Feri Lainšček: Namesto koga roža cveti (Instead Of Whom Does The Flower Bloom)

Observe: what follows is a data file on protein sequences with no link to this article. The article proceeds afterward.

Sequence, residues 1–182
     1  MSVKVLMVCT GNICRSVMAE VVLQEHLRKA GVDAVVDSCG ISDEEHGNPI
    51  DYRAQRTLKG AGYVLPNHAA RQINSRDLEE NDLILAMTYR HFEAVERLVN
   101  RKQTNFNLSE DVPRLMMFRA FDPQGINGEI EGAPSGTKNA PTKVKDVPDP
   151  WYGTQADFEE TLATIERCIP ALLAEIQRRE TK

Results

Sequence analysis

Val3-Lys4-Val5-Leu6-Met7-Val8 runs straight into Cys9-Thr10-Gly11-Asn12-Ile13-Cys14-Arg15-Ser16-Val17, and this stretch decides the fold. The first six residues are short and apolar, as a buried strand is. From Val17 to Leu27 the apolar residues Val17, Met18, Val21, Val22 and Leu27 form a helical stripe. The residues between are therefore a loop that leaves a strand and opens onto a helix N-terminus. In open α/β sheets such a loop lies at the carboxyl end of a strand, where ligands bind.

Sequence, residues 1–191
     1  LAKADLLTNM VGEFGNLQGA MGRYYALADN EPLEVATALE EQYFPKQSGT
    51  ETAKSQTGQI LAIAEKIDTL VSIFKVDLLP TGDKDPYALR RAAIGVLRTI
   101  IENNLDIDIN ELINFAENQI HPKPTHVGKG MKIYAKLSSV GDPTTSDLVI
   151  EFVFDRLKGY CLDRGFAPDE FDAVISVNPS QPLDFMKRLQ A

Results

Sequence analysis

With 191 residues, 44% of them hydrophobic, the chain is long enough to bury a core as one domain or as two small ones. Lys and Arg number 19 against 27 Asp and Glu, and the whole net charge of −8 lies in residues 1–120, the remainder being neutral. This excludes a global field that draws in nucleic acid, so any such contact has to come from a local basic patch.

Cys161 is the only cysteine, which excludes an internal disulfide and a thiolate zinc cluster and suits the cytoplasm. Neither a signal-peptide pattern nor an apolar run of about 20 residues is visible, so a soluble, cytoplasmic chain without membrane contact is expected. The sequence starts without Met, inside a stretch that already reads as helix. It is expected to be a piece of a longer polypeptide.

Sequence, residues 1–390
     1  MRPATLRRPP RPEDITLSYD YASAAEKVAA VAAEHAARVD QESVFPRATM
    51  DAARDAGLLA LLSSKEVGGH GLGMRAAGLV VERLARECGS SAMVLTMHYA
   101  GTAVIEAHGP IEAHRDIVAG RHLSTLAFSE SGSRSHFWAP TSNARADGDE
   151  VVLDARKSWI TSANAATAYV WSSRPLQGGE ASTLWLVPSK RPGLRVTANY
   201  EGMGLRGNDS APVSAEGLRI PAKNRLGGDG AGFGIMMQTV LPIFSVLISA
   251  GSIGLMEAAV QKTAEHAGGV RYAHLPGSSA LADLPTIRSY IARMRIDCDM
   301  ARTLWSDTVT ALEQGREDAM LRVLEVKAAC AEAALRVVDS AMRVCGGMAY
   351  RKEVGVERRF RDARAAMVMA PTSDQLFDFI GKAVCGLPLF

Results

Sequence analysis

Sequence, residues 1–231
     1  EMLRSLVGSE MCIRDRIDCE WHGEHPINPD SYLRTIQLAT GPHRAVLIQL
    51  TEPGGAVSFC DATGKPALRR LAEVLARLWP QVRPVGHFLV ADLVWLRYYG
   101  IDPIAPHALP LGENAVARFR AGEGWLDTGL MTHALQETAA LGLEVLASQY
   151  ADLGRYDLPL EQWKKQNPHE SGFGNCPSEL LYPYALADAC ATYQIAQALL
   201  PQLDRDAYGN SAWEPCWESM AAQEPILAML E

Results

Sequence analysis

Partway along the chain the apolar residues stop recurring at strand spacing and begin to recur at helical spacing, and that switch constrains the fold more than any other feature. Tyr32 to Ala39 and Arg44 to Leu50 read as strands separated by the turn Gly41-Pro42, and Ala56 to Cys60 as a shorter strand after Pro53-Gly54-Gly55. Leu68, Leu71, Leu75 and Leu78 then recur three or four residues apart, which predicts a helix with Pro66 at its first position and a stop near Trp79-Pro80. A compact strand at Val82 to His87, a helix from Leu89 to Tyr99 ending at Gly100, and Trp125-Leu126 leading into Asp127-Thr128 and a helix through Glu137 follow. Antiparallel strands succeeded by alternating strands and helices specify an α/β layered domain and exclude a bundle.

The latest addition to my website is Feri Lainšček‘s Namesto koga roža cveti (Instead Of Whom Does The Flower Bloom). Lainšček grew up in north-eastern Slovenia (then Yugoslavia) near Roma villages and got to know the Roma people. These book is about a Roma family and their neighbours. Halgato (it is a type of gypsy violin playing) is the son of Mariška (real name: Sanji) who, at the beginning of the book, has knifed a secret service agent. He will shortly be arrested. Before his arrest he passes on his nickname, his talent and his violin to his son. Sanji/Halgato’s mother, Tereza, is soon joined by Bumbaš, an itinerant tinker and his three children. He takes the children, including Halgato, with him on his rounds but is not very successful, spending what little cash he earns on drink and women. He soon realises that this is not going to work and his son, Pišti, goes off to school (the only gypsy in the book who learns to read) while he takes Halgato to Bazika Joska, an experienced violinist. Bazika Joska recognises Halgato’s talent and Bumbaš and Halgato set off touring, living on what Halgato’s playing earns them. When they return home, Bumbaš finds that both of his daughters have been made pregnant by the same man. When this man’s body is fished out of the river, Bumbaš is arrested. Meanwhile, Pišti has started an affair with Iza but when he causes a fatal car crash, he is arrested and sent to prison. Halgato, who is also in love with Iza, seizes his chance. Meanwhile, Pišti kills guard while trying to escape and is sentenced to further imprisonment. The books starts when Halgato and Pišti meet up, after Pišti has been released, gone to the US and returned. The meeting is naturally bitter. The gypsies in the book all seem to be stereotypes and all seem to be unhappy. Halgato plays the violin a lot (the title of the book comes from a song he plays) but it does not seem to make him happy. Indeed, he continually is looking for a way out but cannot see one. However, the book is interesting in giving a portrait of a culture which, for most of us, will be unknown and Lainšček tells his story well.

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